A. Saghatelyan, L.Sahakyan, O. Belyaeva;                             Conference Proceedings of the 13th International Multidisciplinary Scientific Geoconference (SGEM 2013). 16-22 June, 2013, Albena, Bulgaria. Vol. 1. Ecology, Economics, Education and Legislation,                             2013,                                                         pp. 489-496;                             DOI: 10.5593/SGEM2013/BE5.V1/S20.065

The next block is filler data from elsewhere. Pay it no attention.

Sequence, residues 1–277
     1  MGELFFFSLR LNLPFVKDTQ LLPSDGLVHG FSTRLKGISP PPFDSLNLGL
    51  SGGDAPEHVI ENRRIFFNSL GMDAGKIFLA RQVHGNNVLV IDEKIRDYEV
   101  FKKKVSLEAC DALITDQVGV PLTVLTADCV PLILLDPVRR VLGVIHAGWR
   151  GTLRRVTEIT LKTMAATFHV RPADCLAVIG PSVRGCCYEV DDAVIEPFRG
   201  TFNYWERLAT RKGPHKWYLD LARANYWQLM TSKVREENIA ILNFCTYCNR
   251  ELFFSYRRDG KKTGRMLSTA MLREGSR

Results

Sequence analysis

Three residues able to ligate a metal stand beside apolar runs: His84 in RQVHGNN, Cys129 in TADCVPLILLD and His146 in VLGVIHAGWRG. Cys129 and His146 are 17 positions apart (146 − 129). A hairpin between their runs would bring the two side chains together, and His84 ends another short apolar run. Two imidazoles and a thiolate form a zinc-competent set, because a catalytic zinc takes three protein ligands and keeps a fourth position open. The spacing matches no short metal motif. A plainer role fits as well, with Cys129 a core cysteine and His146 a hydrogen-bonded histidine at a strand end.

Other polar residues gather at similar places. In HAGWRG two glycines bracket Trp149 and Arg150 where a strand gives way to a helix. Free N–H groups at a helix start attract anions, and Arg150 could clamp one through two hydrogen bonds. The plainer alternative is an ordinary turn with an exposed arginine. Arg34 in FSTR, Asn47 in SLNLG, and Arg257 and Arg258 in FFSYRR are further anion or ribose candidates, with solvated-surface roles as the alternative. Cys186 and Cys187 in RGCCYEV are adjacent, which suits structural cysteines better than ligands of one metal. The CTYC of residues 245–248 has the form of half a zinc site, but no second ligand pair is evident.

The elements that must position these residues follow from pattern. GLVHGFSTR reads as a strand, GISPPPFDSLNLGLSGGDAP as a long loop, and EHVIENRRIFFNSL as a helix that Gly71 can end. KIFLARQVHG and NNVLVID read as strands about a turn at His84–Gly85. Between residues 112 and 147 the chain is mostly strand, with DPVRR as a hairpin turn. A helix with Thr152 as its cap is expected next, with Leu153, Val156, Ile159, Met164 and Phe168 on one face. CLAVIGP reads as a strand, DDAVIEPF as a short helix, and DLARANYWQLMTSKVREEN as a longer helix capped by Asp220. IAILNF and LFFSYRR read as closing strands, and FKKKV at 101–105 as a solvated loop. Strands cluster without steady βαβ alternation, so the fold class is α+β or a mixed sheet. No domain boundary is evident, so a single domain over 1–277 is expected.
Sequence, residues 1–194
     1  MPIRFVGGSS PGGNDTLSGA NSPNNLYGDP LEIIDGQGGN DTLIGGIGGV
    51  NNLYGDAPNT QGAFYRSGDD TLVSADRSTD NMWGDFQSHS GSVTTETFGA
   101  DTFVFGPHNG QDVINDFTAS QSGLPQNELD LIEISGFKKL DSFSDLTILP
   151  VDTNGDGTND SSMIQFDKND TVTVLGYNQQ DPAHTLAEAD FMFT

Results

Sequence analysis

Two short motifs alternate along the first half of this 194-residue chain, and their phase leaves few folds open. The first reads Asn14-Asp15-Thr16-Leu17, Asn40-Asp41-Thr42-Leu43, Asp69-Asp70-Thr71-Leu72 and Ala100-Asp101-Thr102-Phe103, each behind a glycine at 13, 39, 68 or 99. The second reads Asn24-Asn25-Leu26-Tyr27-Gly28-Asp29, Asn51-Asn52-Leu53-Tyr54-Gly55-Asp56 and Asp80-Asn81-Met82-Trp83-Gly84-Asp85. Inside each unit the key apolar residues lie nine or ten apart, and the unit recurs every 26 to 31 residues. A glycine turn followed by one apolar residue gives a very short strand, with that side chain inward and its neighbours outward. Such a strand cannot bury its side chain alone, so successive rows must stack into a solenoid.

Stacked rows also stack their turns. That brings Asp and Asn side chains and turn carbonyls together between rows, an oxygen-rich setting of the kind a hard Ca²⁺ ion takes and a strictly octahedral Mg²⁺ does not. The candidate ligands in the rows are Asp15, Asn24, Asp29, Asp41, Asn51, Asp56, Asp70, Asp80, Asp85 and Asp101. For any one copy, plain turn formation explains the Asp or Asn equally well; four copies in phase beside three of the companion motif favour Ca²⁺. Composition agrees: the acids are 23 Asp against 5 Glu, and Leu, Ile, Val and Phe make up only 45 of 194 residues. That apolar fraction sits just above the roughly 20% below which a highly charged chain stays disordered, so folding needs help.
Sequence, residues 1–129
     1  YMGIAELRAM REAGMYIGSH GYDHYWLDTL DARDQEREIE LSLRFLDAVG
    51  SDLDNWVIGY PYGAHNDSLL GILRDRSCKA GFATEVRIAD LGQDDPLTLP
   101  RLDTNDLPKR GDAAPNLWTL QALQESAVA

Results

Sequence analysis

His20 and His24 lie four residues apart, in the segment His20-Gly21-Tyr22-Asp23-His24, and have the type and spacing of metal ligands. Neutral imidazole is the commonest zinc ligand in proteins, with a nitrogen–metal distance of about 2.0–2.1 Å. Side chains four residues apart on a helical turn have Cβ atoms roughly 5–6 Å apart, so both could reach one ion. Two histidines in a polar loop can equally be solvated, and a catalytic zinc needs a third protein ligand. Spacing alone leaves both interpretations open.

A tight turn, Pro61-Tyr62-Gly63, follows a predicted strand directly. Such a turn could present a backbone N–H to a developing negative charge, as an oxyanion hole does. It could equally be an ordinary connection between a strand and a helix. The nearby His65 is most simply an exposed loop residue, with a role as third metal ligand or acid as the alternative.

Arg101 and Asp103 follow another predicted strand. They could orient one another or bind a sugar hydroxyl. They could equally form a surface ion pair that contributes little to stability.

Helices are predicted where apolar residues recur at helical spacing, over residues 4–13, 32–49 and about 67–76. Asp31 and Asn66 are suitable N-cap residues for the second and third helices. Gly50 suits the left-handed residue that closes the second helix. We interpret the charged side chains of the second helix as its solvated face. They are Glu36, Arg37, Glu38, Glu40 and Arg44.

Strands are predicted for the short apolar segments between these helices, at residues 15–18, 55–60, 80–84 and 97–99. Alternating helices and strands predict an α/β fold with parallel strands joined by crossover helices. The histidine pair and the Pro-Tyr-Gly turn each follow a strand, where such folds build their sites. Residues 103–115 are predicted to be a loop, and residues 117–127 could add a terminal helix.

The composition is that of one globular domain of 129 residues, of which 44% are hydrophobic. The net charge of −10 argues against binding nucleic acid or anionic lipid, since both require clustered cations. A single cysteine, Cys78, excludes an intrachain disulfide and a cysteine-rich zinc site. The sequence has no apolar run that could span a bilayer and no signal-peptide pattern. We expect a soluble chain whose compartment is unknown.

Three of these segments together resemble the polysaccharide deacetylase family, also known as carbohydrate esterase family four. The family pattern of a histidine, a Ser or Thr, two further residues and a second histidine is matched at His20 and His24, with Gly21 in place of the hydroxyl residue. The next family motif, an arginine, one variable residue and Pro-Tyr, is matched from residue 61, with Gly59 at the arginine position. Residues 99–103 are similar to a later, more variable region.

The research covers issues of safety of farm produce of both plant and animal origin obtained from farmlands located within mining impact zones. Ore deposits are localized within the bounds of biogeochemical provinces. Basic ore forming elements dominate geochemical landscape and the ecosystem has been evolutionary adapted to their natural concentrations. Ore contains insignificant quantities of commercially invaluable admixtures of elements, which before deployment of deposits are not practically fixed in environmental substrates. Such elements are not extracted while mining and treating ore, and stay in mining dumps and dressing tails. There they become mobile, then enter geochemical migration streams. A good example is Armenia’s active deposits of diverse ore formations. On the Kajaran copper-porphyry deposit, established was Hg transfer with runoffs that originates from the adit and tailing repositories. Established was also Hg pollution of soils of re-cultivated tailing repositories. Hg was detected in fodder crops and via food chain – in cow milk. In vegetable crops, Hg contents exceeded MAC by 8-30 times. On the Kapan copper-pyrite deposit, ore waters empty into irrigation network consequently polluting irrigated farmlands with heavy metaloids emphasizing lead. Pb concentrations in cultivated farm crops are 3-6 time excessive vs. MAC. While dressing ores of Akhtala poly-metallic (Pb-Zn) deposit, tails mix with surface water streams polluting downstream farmlands with metaloids including Cd, which concentrations in farm produce exceed MAC by tens to hundreds times. The noted elements belong to the 1st category of hazard. They have bio-accumulation properties and entering food chains become the major risk factor to local people. This allows concluding that techno-economic requirements to exploitation of ore deposits should be developed with regard to the noted factor.
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